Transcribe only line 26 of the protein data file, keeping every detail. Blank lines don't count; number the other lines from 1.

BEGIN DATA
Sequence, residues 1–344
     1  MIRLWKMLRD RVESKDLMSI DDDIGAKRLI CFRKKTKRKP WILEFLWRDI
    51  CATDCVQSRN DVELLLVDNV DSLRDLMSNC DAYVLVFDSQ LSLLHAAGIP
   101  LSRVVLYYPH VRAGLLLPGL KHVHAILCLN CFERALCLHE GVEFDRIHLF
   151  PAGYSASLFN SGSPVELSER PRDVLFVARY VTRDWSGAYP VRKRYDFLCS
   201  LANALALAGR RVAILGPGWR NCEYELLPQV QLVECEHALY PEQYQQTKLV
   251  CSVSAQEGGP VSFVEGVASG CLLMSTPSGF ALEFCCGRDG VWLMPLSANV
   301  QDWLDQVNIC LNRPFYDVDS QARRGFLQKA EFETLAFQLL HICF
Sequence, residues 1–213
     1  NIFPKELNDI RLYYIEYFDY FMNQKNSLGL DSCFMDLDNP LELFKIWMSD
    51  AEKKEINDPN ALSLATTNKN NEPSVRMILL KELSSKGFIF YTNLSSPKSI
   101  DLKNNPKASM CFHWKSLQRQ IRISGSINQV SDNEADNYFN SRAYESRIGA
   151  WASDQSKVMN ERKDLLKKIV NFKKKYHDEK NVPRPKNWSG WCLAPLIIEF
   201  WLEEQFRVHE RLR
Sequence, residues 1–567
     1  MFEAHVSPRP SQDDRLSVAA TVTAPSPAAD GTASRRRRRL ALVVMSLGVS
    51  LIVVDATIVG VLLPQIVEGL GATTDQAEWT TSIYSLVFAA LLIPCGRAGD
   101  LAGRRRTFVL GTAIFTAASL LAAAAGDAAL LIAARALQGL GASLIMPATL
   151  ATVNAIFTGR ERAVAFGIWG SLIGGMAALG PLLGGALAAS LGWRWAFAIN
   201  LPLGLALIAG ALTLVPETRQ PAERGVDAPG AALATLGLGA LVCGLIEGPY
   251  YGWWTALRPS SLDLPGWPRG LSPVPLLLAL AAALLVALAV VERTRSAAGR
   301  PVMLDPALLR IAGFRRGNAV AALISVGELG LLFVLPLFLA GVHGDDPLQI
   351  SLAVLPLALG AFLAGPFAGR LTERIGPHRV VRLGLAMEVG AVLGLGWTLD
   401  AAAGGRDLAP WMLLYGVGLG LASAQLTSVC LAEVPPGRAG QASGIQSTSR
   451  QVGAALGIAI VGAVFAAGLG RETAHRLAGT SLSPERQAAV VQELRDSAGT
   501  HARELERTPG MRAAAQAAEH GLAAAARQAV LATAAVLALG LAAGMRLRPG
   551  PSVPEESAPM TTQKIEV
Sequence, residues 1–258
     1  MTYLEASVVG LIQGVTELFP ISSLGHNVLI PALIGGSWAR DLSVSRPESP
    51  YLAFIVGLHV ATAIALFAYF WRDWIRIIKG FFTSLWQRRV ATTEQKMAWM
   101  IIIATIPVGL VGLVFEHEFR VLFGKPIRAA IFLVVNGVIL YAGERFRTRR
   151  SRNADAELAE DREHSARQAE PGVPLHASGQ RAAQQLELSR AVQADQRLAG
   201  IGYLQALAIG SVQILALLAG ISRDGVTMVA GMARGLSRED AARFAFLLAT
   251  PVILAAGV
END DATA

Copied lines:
   501  HARELERTPG MRAAAQAAEH GLAAAARQAV LATAAVLALG LAAGMRLRPG